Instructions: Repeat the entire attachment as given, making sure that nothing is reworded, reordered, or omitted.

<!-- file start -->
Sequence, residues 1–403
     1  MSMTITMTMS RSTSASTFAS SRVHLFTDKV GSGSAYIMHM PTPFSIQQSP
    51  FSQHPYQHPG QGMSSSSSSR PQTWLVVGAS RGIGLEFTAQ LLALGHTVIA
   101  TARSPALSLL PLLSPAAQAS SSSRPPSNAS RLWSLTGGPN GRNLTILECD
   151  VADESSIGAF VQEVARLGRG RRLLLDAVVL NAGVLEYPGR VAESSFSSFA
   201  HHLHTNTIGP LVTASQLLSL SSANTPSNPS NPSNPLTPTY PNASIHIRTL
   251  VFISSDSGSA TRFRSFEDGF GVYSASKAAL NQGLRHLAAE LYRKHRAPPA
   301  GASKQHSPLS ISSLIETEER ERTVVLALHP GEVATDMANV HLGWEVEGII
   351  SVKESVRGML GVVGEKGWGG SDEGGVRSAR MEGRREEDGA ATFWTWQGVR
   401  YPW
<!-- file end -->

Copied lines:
Sequence, residues 1–403
     1  MSMTITMTMS RSTSASTFAS SRVHLFTDKV GSGSAYIMHM PTPFSIQQSP
    51  FSQHPYQHPG QGMSSSSSSR PQTWLVVGAS RGIGLEFTAQ LLALGHTVIA
   101  TARSPALSLL PLLSPAAQAS SSSRPPSNAS RLWSLTGGPN GRNLTILECD
   151  VADESSIGAF VQEVARLGRG RRLLLDAVVL NAGVLEYPGR VAESSFSSFA
   201  HHLHTNTIGP LVTASQLLSL SSANTPSNPS NPSNPLTPTY PNASIHIRTL
   251  VFISSDSGSA TRFRSFEDGF GVYSASKAAL NQGLRHLAAE LYRKHRAPPA
   301  GASKQHSPLS ISSLIETEER ERTVVLALHP GEVATDMANV HLGWEVEGII
   351  SVKESVRGML GVVGEKGWGG SDEGGVRSAR MEGRREEDGA ATFWTWQGVR
   401  YPW